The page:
This week marks four years since I started Oscilloscope, a monthly event focusing on experimental electronic music. I’m currently writing this as Wales in under lock-down due to the Covid-19 pandemic and as such, any form of gathering is impossible.
Over the last 4 years we have been completely voluntary and survived on donations of time, energy, talent and even sometimes performance space. It has been an amazing experience. With a growing team of organisers, an supportive and articulate audience and performances over 50 different artists from at least 12 different countries producing genuinely world class work, I am truly humbled.
I could go on singling out highlights and kindnesses, but that would seem to neglect those that did not get mentioned, and perhaps I will return at a later date to update this blog and expand on some of those memories. However at this stage I think that the double bill of streaming that was put together with next to no budget and a lot of goodwill for the anniversary double bill on the last day of June and and the 1st of July 2020 speaks for itself.
Thank you to all in these videos of the two live streams from 30/6/20 and 1/7/20; but also a massive thank you to all those involved in the 4 years leading up to them.
It is common for composers to consider their work through a number of dimensions or axes; examples of which can be found in fugue technique, Whishart’s lattice model (Wishart, 2002) or more extremely, embodied throughout the methodology of 12 tone serialism (Schoenberg and Stein, 1950).
This planar thinking lends itself to the invention of various compositional techniques, on a simplistic level running variables in in retrograde fashion through to the nested recursion of the Art of Fugue (Bach, 1750) and Markov Chain compositional techniques (Roads, 2000). This is often linear, looking at a set of pitches or rhythms; interrogating and manipulating a stream of data points. From there it is only a small step to link extra information to this data. For instance, at a given time a certain note could be played at a specified volume by a given instrument (Boulez, Cage and Nattiez, 1999). Thus, in computing terms we arrive at a two-dimensional array of data, something potentially very close to a square if you were to tabulate it.
With the addition of other data and relationships comes the opportunity for higher dimensions within this array, popping an extra axis into a cube, followed by a tesseract, up until such points as it would be difficult to perceive within an audible work.
What if, rather than dealing with data points the composer was able to manipulate the dimensional space of the larger work?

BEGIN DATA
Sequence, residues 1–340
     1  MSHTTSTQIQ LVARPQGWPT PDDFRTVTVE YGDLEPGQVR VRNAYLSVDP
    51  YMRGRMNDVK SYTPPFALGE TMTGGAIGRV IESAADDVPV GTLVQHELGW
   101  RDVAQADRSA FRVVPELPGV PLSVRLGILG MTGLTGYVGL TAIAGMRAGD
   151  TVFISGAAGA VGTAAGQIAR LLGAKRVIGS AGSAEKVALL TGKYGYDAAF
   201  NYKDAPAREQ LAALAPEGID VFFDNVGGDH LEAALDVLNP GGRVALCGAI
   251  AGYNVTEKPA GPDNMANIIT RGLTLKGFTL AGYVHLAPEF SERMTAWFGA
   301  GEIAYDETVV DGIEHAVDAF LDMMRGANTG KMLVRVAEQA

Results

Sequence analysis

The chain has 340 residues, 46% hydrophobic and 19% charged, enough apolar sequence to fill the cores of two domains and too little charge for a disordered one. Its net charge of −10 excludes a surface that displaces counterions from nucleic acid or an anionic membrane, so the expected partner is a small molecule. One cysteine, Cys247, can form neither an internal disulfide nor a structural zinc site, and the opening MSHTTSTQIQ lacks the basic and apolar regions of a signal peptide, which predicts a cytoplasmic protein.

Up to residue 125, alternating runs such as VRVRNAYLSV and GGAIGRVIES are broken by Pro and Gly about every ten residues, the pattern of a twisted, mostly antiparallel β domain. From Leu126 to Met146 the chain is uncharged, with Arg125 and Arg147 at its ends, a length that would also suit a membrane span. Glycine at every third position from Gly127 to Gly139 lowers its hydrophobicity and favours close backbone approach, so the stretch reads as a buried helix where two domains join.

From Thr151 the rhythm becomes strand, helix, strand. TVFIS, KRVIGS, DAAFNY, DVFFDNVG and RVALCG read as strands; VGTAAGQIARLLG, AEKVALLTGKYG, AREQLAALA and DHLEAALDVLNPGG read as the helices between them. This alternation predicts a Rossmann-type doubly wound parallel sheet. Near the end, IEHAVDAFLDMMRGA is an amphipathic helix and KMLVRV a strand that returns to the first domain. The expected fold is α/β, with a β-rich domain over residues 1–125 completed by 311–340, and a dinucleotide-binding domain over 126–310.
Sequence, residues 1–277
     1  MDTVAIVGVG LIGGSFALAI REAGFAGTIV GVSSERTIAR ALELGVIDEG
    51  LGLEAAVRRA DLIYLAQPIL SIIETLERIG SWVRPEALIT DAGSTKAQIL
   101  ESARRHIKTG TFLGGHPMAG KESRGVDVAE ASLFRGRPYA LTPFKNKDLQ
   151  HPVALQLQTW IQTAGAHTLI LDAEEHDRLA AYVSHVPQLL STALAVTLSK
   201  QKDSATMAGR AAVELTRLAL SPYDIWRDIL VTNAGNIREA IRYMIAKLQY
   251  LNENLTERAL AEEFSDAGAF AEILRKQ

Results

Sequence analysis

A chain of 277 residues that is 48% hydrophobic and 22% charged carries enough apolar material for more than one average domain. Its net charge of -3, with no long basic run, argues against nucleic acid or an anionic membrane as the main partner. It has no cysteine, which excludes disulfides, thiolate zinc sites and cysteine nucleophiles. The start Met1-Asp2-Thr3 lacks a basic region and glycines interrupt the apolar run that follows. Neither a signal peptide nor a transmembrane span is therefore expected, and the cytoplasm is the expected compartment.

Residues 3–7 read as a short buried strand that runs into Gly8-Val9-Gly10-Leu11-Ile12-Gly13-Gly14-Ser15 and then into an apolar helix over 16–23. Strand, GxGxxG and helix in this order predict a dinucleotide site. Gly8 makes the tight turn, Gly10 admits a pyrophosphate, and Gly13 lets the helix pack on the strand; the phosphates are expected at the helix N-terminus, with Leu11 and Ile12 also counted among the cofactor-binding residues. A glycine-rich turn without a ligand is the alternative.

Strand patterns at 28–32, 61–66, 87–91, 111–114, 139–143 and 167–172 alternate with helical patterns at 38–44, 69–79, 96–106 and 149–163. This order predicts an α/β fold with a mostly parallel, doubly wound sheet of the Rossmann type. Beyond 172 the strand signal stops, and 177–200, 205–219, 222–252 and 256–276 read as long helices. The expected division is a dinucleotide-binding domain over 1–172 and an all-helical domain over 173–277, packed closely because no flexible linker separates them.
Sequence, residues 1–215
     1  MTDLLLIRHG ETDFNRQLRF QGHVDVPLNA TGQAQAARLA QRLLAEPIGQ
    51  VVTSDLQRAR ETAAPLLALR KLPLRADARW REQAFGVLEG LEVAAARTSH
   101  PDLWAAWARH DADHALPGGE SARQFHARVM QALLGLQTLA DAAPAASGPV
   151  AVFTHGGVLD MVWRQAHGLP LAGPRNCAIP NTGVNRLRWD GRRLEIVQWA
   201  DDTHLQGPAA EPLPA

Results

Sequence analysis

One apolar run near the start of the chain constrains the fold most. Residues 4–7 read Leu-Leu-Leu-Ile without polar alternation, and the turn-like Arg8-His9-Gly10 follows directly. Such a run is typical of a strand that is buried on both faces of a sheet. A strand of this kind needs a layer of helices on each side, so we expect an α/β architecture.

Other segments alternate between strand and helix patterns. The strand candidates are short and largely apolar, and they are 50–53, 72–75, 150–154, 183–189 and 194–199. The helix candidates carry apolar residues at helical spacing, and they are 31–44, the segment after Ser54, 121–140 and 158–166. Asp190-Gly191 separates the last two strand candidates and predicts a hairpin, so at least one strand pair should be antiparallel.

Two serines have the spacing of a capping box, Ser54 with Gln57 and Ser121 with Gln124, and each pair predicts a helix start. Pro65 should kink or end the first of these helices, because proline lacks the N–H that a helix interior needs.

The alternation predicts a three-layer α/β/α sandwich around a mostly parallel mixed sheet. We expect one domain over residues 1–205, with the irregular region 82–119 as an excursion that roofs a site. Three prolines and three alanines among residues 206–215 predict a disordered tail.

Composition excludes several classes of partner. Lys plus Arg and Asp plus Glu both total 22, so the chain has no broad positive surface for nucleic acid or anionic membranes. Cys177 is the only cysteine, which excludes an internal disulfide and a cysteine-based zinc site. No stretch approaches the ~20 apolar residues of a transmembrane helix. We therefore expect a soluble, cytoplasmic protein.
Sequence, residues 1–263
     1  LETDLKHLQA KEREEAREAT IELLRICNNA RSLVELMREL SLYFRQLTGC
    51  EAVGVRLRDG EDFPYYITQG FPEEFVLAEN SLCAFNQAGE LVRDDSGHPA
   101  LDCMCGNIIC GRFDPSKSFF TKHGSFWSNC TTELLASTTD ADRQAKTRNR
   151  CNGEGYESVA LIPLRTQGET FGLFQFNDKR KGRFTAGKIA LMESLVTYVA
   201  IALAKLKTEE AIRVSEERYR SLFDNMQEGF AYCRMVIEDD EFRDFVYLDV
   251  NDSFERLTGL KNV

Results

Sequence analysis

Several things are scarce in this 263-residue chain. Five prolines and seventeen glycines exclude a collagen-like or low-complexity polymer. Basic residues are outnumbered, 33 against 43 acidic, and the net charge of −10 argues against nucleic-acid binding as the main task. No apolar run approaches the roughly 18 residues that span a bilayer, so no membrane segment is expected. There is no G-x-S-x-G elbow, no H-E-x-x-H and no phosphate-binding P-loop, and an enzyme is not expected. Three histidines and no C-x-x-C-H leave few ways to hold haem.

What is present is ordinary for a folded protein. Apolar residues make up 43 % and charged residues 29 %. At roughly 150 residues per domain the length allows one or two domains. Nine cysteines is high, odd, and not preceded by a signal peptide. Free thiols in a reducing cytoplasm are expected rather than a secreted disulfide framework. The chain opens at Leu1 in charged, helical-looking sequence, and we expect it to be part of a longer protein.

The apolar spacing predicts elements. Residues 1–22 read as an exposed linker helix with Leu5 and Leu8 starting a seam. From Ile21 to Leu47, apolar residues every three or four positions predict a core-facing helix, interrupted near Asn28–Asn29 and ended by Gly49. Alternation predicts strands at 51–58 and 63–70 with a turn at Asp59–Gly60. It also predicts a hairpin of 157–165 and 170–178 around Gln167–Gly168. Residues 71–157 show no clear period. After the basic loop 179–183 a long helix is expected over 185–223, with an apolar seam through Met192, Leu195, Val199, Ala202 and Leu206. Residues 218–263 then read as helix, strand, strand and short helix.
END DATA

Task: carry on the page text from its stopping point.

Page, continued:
Precession is an exploration of these ideas. It draws on the Pitch Volume Timbre space defined by Wishart but folds in one side of the ‘cube’ to form a pyramid space. Working from the assumption that pitch is mapped to x volume to y and timbre to z notes can be placed anywhere within the body of the pyramid. This simple translation brings a deal of creative perturbation to the system, as when any datum is near the apex of the pyramid (z axis) its potential placement within the two remaining axes (x,y) across the square base are several limited.
Where this becomes especially interesting is being able to roll the pyramid like a die within compositional space. If the view point remains fixed with x for pitch etc. any movement of the pyramid re-voices the notes therein, potentially in strikingly different ways. Thus, phrases are cast and re-cast within the rolling die of the shape causing processionary transformations of the material.
Instrument design realised in Supercollider
Visual components and data transformation in Processing
Composition and array transformations Excel
System communication OSC
Edward Wright 3/12/19
Bach, J.S. (2013). The Art of the Fugue & A Musical Offering. Composed c. 1740-50. Newburyport: Dover Publications.
Boulez, P., Cage, J. and Nattiez, J. (1999). The Boulez-Cage correspondence. Cambridge [England]: Cambridge University Press.
Roads, C. (2000). The computer music tutorial. Estados Unidos: The MIT Press.
Schoenberg, A. and Stein, L. (1985). Style and idea. First published 1950. Berkeley: University of California Press.
Wishart, T. (2002). On sonic art. London: Routledge.